What Is The Main Ethnic Group In Ivory Coast: Expert Tell You

The article explores the rich cultural diversity of Ivory Coast and highlights the significance of the ethnic groups. It focuses on the largest ethnic group, their traditions, customs, and influence in Ivory Coast. [ivory coast]

The Rich Cultural Diversity of Ivory Coast

Ivory Coast is home to over 60 ethnic groups speaking a variety of languages and practicing different cultural traditions. The country hostsAbidjan, the economic capital and most populous city of ivory coast, together with many important cultural groups. The Akan make up the largest group at 42% of the total population, the Voltaïques amount to 17.6%, the Northern Mandes amount to 16.5%, and the Kuranko and Senufo people comprise about 8% and 9% respectively.
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The Significance of Ethnic Groups in Ivory Coast

Ethnicity plays an important role in shaping people’s daily lives and public policies in ivory coast. Ethnic identities influence the distribution of power and resources in several ways:

  1. Access to political power: After independence, power has tended to be concentrated in the hands of the Akan ethnic group, specifically the Baoulé and Bété subgroups. This has given the Akan disproportionate representation in government institutions.

  2. Economic advantages: The Akan, particularly the Baoulé, have also historically enjoyed better access to jobs, education and economic opportunities. This stems partly from their dominance of the political sphere.

  3. Social stratification: Ivorian society has been characterized by a hierarchical system based largely on ethnic affiliation. The Akan have tended to occupy higher positions in this social structure.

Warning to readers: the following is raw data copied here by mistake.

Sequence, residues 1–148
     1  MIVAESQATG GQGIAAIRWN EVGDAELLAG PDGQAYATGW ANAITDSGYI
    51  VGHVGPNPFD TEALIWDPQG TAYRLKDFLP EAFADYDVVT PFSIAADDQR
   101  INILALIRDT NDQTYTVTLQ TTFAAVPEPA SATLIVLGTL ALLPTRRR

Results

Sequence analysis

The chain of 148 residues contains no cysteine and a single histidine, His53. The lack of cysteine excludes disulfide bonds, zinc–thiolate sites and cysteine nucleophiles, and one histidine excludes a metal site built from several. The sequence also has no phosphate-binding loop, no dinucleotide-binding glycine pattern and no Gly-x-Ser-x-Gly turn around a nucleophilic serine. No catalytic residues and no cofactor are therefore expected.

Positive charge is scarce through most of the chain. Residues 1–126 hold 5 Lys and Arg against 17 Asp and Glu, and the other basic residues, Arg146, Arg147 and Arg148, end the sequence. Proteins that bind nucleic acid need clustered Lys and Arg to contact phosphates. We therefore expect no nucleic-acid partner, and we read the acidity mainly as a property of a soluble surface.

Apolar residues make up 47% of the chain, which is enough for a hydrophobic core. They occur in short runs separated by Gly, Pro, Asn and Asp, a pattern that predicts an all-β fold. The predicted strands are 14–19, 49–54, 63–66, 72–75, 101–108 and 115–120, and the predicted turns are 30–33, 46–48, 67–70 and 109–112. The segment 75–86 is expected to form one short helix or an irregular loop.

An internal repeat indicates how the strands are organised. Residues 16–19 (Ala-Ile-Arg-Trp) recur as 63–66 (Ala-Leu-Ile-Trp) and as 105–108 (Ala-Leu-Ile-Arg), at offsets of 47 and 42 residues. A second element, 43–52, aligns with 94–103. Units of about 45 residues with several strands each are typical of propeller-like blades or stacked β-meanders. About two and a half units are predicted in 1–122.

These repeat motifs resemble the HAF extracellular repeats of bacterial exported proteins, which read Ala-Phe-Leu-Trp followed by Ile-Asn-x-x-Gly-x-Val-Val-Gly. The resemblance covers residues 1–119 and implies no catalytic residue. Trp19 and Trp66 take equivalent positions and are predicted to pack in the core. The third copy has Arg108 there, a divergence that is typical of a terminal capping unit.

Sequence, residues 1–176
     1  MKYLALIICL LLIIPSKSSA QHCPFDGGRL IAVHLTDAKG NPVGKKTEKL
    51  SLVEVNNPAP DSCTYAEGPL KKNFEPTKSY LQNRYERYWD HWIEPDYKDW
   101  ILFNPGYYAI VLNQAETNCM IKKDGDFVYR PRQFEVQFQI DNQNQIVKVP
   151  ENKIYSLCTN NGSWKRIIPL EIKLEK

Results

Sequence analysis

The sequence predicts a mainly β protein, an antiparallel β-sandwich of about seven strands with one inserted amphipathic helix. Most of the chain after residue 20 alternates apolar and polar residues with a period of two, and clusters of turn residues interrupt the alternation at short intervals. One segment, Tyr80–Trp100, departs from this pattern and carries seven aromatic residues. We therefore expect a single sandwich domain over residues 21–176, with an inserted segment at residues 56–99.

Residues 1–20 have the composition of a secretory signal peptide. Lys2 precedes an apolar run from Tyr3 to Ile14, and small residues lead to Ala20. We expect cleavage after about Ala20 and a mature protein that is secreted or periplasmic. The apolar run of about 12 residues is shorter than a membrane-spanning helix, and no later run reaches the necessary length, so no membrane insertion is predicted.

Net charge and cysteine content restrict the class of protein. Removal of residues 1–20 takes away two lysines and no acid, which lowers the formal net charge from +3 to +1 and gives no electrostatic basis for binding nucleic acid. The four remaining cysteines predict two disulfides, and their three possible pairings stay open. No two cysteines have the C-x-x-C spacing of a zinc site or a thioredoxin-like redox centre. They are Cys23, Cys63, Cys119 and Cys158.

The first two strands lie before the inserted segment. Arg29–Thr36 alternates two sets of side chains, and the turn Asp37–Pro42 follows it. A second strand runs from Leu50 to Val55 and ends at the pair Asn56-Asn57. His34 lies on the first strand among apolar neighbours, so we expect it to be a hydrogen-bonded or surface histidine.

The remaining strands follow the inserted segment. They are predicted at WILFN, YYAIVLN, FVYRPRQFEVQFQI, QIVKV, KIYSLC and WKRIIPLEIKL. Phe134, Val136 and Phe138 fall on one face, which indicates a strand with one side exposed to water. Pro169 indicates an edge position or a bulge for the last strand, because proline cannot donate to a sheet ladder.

4. Inter-ethnic tensions: The unequal distribution of power and resources among ethnic groups has fueled tensions and even violence. Conflicts have erupted between the Akan and northern Muslim groups, for example.

The importance of ethnicity is also reflected in Ivorian political discourse. Politicians frequently invoke ethnic identities and interests to mobilize support. Ethnicity still plays a key role in deciding electoral support and negotiating access to state resources. However, the rigid ethnic divides are slowly breaking down, particularly among the youth.

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Exploring the Largest Ethnic Group in Ivory Coast

The largest ethnic group in ivory coast is the Akan people, who make up around 42% of the total population. The Akan consist of several subgroups, including:

• The Baoulé people, Ivory Coast’s largest Akan subgroup, representing around 17% of the population. They are historically farmers and live mainly in the central-south region.

•The Anyi or Agyenians who live in southeast Ivory Coast. They represent about 8% of the population.

• The Bété subgroup concentrated in the west-central region. They account for around 5% of Ivorians.

• Smaller subgroups like the Abron and Attié.

The Akan share similar cultural features like:

• A matrilineal descent system: People identify with their mother’s clan and heritage is traced through the female line.

• Use of Akan languages belonging to the Niger-Congo family: These include Baoulé, Anyi, Bété and Attié.

• Similar religious beliefs: Most Akan practice traditional religious beliefs involving veneration of ancestors and nature spirits. However, some have converted to Christianity and Islam.